Fukushima Radiation Exposure and Risks Overblown According to Doctors
A report issued by researchers and doctors from the Physicians for Civil Defense has suggested that the stress of evacuation related to the Fukushima Daiichi nuclear generating station has produced greater health risks than the radiation exposure itself.
Jane Orient, M.D., the president of Physicians for Civil Defense, announced the findings in a release on October 2 from Tucson, Arizona.
A total of about 172,000 people have evacuated within a 30 kilometer radius of the Fukushima Daiichi plant. Many were forced out or were otherwise advised to evacuate.
Dr. Orient stated that the radiation doses the population was exposed to was not as dangerous as the stress brought on by evacuation. “The stress of evacuation can itself cause death, so it is important not to over-react,” stated Dr. Orient.
“Panic that leads to disruptions in people’s lives is deadly as well as costly,” Dr. Orient continued. “It’s especially tragic when fear-driven measures ‘protect’ people from levels of radiation that are far more likely to benefit than to harm them.”
Despite the panic echoed through the media, it turns out that the dose levels, even in the red zones closest to the reactors, were lower than normal background radiation levels in a number of other parts of the world. The red zones around the Fukushima Daiichi nuclear reactors peaked at about 0.2 rad/day or 2 millisieverts per day (mSv/day), which is equivalent to about 600 millisieverts per year (mSv/yr).
Research has illustrated that regions of France, India, Iran and Brazil normally have background exposure levels that come close to or exceed these. Regions in Brazil and West France, for example can easily exceed 700 mSv/year, while areas of Iran often exceed 400 mSv/year. And none of these areas have little evidence of increased cancer incidence.
Many state that the Fukushima accident compares with the Chernobyl nuclear accident. Actually, the exposure was far less. Furthermore, research has indicated that public health officials overestimated the death toll due to the Chernobyl accident by at least 800,000 people. The first study to find this was led by Dr. Zbigniew Jaworowski, a physician and professor, and former Chairman of the United Nations Scientific Committee on the Effects of Atomic Radiation, and Chairman of the Scientific Council of the Central Laboratory for Radiological Protection. Dr. Jaworoski’s research found that not only was the Chernobyl death rate overestimated, but the amount of exposure was greatly exaggerated.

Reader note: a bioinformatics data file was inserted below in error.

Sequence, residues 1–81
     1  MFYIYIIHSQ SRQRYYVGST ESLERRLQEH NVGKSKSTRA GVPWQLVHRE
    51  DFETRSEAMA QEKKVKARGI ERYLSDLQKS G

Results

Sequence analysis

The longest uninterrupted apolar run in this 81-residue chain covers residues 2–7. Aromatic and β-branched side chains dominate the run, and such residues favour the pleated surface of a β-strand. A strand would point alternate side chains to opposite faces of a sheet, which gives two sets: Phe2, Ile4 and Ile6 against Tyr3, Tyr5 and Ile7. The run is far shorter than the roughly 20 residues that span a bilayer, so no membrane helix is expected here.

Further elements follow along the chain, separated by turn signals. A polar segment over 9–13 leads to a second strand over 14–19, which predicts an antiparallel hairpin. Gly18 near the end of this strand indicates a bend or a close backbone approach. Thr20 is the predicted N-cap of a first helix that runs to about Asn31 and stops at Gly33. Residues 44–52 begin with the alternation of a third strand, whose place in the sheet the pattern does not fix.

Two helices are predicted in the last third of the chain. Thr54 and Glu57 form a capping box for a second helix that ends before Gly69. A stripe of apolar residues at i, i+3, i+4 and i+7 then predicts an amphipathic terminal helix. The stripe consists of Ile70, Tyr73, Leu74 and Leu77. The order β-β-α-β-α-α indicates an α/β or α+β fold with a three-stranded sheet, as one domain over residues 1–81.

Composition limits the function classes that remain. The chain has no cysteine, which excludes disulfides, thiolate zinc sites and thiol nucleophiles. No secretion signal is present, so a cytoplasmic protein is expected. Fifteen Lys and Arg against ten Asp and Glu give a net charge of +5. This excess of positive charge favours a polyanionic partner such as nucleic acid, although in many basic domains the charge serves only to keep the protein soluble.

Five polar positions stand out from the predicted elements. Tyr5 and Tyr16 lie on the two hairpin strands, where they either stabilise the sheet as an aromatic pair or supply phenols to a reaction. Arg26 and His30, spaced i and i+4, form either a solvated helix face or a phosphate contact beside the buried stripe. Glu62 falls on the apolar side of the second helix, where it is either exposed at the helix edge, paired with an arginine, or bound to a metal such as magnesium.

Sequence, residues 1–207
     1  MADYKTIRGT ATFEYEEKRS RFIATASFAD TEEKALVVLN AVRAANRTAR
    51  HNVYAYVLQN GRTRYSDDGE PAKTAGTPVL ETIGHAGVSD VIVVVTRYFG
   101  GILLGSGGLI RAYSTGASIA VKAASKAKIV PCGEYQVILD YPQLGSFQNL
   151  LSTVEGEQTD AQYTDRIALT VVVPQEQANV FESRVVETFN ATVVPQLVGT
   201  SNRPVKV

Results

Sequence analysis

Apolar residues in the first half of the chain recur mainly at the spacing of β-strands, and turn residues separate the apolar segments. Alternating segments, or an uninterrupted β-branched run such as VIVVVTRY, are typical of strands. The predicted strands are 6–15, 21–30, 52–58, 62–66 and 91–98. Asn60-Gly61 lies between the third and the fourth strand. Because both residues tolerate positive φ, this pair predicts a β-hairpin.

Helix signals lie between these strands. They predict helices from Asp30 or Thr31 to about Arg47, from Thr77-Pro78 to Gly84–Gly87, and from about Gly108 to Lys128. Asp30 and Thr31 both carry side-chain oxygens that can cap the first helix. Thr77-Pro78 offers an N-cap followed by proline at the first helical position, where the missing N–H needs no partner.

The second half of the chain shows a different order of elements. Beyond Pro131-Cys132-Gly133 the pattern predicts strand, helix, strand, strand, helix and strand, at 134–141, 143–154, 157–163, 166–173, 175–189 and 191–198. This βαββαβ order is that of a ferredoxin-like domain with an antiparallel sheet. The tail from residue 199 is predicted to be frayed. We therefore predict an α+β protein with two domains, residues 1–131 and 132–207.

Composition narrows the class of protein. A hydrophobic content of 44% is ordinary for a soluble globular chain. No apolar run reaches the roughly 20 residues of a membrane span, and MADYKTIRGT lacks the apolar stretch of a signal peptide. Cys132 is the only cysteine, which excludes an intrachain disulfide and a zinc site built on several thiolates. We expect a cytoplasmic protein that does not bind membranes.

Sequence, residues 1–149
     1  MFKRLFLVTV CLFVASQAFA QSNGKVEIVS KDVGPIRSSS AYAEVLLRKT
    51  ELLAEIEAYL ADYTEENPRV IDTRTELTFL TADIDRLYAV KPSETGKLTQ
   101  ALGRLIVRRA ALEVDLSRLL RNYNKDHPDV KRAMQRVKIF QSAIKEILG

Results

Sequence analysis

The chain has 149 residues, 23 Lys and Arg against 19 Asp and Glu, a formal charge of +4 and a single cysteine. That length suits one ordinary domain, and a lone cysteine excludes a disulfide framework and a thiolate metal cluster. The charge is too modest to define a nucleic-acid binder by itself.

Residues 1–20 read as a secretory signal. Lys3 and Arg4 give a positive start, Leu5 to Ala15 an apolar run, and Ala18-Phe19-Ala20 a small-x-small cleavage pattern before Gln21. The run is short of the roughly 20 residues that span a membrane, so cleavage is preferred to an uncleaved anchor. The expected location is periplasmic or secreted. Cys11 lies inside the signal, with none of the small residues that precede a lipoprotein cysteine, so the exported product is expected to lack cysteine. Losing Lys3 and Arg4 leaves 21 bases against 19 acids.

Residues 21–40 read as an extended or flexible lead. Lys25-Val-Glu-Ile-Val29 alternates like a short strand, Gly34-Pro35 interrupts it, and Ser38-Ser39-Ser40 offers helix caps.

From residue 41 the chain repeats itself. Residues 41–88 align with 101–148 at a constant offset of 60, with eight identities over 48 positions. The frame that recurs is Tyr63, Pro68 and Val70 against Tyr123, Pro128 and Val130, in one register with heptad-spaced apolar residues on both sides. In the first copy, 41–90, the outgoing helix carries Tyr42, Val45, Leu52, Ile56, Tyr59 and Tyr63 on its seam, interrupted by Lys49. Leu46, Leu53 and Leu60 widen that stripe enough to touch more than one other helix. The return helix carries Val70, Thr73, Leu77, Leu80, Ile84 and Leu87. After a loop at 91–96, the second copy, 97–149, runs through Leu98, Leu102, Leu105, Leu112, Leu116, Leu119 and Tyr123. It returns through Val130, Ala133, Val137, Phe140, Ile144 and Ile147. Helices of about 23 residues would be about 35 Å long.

“The projections of thousands of late cancer deaths based on LNT (linear non-thresholds) are in conflict with observations that in comparison with general population of Russia, a 15% to 30% deficit in solid cancer mortality was found among Russian emergency workers, and a 5% deficit of solid cancer incidence among the population of most contaminated areas,” Dr. Jaworoski wrote.
The research also found that the total radiation emission given off by Chernobyl into the atmosphere was 200 times less than the amount released from the explosion of 543 nuclear bombs that have been exploded in the atmosphere since 1945. The highest environmental exposure from the bombs was 0.113 mSv in 1963.
Those living in the contaminated areas of Russia in the decade after the Chernobyl accident were exposed to only 0.76 mSv/year to 0.9 mSv/year.
More interestingly, Jaworoski’s research also found that mortality rates among the most exposed people were lower than mortality rates found in areas with typically high background rates of radiation.
Denver residents are exposed to 3 mSv/year plus a dose of 2.4 mSv/year in background exposure. The International Commission on Radiation Protection (ICRP)’s standard for evacuation is 1 mSv/year, which would require Denver to evacuate immediately.
Dr. Richard Muller – physics professor at University of California, Berkeley – has called the 3 mSv/year plus 2.4mSv/year in background radiation the “Denver dose.”